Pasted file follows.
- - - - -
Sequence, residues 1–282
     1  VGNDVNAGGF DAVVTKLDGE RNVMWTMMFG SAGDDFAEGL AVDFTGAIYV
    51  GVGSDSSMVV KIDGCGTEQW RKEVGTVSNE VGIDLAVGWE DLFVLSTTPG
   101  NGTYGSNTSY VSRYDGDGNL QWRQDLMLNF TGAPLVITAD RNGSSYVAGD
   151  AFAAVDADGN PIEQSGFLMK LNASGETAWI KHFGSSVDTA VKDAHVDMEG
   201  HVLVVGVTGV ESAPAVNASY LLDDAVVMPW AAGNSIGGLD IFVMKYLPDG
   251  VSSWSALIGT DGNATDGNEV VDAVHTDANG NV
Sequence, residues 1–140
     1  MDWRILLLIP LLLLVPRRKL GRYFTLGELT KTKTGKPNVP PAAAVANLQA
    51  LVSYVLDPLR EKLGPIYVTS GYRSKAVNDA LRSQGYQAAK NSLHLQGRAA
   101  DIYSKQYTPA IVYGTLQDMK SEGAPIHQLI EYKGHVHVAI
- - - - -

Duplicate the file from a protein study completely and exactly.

Sequence, residues 1–282
     1  VGNDVNAGGF DAVVTKLDGE RNVMWTMMFG SAGDDFAEGL AVDFTGAIYV
    51  GVGSDSSMVV KIDGCGTEQW RKEVGTVSNE VGIDLAVGWE DLFVLSTTPG
   101  NGTYGSNTSY VSRYDGDGNL QWRQDLMLNF TGAPLVITAD RNGSSYVAGD
   151  AFAAVDADGN PIEQSGFLMK LNASGETAWI KHFGSSVDTA VKDAHVDMEG
   201  HVLVVGVTGV ESAPAVNASY LLDDAVVMPW AAGNSIGGLD IFVMKYLPDG
   251  VSSWSALIGT DGNATDGNEV VDAVHTDANG NV
Sequence, residues 1–140
     1  MDWRILLLIP LLLLVPRRKL GRYFTLGELT KTKTGKPNVP PAAAVANLQA
    51  LVSYVLDPLR EKLGPIYVTS GYRSKAVNDA LRSQGYQAAK NSLHLQGRAA
   101  DIYSKQYTPA IVYGTLQDMK SEGAPIHQLI EYKGHVHVAI